The Test Of A First-Rate Mind

We collect sayings. “The dogs bark, but the caravan moves on.” “Tact is the ability to tell a person to go to hell and make him feel happy to be on his way.” And this: “There is no such thing as an ending, just a place where you leave the story.” We are entertained watching how aptly these adages describe life.

On the second tier of our collected sayings is this one by F. Scott Fitzgerald: “The test of a first-rate intelligence is the ability to hold two opposed ideas in mind at the same time and still retain the ability to function.” It never reached the first tier because it just never felt entirely right.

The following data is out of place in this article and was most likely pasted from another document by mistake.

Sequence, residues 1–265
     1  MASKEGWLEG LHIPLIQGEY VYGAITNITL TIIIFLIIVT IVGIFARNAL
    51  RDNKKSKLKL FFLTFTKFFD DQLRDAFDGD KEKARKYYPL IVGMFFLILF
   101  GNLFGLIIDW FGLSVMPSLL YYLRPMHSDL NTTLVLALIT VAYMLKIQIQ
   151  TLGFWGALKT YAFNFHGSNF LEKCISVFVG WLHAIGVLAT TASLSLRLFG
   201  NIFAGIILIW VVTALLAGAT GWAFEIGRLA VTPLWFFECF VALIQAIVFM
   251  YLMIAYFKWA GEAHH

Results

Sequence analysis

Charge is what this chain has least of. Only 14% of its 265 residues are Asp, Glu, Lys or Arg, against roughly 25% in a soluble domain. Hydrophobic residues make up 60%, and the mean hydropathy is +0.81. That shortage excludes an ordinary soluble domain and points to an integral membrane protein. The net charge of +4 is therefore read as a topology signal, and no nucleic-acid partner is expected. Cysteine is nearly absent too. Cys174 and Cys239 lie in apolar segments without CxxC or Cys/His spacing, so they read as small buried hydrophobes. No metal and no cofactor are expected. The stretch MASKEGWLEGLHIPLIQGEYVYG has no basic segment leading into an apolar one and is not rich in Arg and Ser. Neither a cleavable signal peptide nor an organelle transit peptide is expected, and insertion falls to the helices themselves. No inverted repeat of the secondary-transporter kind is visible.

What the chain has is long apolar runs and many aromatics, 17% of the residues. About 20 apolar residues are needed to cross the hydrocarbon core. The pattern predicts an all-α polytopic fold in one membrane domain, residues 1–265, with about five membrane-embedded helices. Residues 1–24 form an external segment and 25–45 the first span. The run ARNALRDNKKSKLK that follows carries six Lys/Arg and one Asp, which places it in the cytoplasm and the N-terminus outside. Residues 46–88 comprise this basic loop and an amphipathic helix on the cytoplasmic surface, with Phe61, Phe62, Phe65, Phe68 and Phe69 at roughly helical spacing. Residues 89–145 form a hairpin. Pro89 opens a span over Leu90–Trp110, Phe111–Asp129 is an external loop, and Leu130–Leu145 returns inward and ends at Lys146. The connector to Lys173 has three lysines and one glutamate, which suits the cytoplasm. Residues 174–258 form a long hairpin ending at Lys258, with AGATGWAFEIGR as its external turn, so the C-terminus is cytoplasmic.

Lately it has become even more unsatisfying. We think we know why. It is both not entirely full, and it is too cute by half. Here is our redraft: “The test of a first-rate mind is the ability to fully and clearly articulate both sides of an issue, argue persuasively for one position, while acknowledging that either could be correct.”

From the #imjustsaying series

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